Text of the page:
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The Create Procedure Statement
As described in the SQL Reference Guide, the create procedure statement has language-specific syntax rules for line continuation, string literal continuation, comments, and the final terminator. These syntax rules follow the rules discussed in this section. For example, there is no final terminator. Regardless of the number of statements in the procedure's body, the preprocessor treats the create procedure statement as a single statement and, as an Embedded SQL/Fortran statement, it has no final terminator. However, all statements within the body of the procedure must end with a semicolon.
The following example shows a create procedure statement that follows the Embedded SQL/Fortran syntax rules:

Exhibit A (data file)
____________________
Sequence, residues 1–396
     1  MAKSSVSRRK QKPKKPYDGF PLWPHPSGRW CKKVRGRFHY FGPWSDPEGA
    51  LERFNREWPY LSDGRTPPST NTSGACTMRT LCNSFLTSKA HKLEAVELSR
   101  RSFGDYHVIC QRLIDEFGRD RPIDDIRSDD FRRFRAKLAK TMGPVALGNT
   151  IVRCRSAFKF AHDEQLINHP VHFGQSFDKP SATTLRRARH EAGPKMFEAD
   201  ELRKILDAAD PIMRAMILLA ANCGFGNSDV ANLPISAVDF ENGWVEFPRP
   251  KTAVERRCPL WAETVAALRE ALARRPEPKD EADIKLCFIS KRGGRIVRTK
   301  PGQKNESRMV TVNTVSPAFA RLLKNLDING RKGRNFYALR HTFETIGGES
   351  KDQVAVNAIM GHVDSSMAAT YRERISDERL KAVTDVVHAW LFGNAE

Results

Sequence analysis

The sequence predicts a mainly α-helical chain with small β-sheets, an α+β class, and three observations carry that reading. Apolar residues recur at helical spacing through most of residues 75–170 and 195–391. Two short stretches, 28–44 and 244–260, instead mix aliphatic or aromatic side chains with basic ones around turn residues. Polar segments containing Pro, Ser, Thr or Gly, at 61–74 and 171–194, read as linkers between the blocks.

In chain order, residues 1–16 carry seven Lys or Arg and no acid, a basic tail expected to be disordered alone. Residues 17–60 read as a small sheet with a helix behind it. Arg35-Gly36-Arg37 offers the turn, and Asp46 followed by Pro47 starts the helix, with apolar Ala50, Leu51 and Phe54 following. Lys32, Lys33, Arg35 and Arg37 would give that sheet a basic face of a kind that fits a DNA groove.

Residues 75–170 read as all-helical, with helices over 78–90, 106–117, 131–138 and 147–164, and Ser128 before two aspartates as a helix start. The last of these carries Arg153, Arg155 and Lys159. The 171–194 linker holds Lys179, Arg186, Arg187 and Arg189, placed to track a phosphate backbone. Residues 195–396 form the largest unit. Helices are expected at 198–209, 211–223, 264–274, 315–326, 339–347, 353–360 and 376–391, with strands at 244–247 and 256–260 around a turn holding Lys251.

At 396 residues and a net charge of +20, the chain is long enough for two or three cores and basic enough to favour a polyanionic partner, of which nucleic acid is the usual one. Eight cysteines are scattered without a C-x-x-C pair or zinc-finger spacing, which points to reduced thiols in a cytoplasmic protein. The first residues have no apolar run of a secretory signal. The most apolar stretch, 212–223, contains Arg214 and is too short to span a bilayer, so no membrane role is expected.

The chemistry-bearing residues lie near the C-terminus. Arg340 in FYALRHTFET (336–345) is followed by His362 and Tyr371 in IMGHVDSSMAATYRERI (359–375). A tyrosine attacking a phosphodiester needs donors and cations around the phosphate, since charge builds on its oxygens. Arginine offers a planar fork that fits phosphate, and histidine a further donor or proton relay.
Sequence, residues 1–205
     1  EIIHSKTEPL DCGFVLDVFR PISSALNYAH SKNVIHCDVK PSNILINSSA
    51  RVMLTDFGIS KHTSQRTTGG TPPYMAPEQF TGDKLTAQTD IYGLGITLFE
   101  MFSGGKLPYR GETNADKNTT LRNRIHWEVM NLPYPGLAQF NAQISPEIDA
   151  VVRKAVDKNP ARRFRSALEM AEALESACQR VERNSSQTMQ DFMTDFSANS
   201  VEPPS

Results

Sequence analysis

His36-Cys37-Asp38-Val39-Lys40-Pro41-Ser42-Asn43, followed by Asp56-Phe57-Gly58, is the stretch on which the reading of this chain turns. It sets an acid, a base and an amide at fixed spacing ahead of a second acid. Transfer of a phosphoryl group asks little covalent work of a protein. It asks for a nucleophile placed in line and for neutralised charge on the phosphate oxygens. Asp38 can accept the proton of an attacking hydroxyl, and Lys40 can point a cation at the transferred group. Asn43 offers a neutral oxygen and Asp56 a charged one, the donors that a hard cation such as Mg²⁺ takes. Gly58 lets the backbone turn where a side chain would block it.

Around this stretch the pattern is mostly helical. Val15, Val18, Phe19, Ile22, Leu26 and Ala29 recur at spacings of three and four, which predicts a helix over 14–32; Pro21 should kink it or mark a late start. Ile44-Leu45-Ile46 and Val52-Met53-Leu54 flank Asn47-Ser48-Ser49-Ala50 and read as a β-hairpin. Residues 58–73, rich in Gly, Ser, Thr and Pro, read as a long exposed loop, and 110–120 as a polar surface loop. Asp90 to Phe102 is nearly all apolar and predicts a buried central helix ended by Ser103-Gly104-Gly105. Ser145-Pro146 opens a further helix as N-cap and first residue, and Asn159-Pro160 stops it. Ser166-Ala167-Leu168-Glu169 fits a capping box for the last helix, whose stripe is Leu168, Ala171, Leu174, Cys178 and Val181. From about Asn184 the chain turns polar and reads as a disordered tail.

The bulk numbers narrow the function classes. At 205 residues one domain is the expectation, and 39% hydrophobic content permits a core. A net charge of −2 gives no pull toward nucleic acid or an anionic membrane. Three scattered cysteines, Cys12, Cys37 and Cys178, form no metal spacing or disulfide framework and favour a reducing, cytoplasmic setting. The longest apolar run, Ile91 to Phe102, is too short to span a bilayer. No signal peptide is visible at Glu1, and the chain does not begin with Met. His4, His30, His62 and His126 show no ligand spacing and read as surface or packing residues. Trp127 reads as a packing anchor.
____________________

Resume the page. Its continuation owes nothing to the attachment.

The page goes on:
exec sql
     1 create procedure proc (parm integer) as
     2 declare
     3      var integer;
     4 begin
C Use Fortran comment line
     5       if (parm > 10) then 
     6           message 'Fortran strings can continue
     7 over lines';
     8           insert into tab values (:parm);
     9       endif;
     1 end
Database procedures tend to be quite long, requiring a Fortran continuation indicator on each line. There is no limit over how many lines the create procedure statement can continue, even though the Fortran compiler may have a limit for host Fortran statements.
Last modified date: 06/10/2024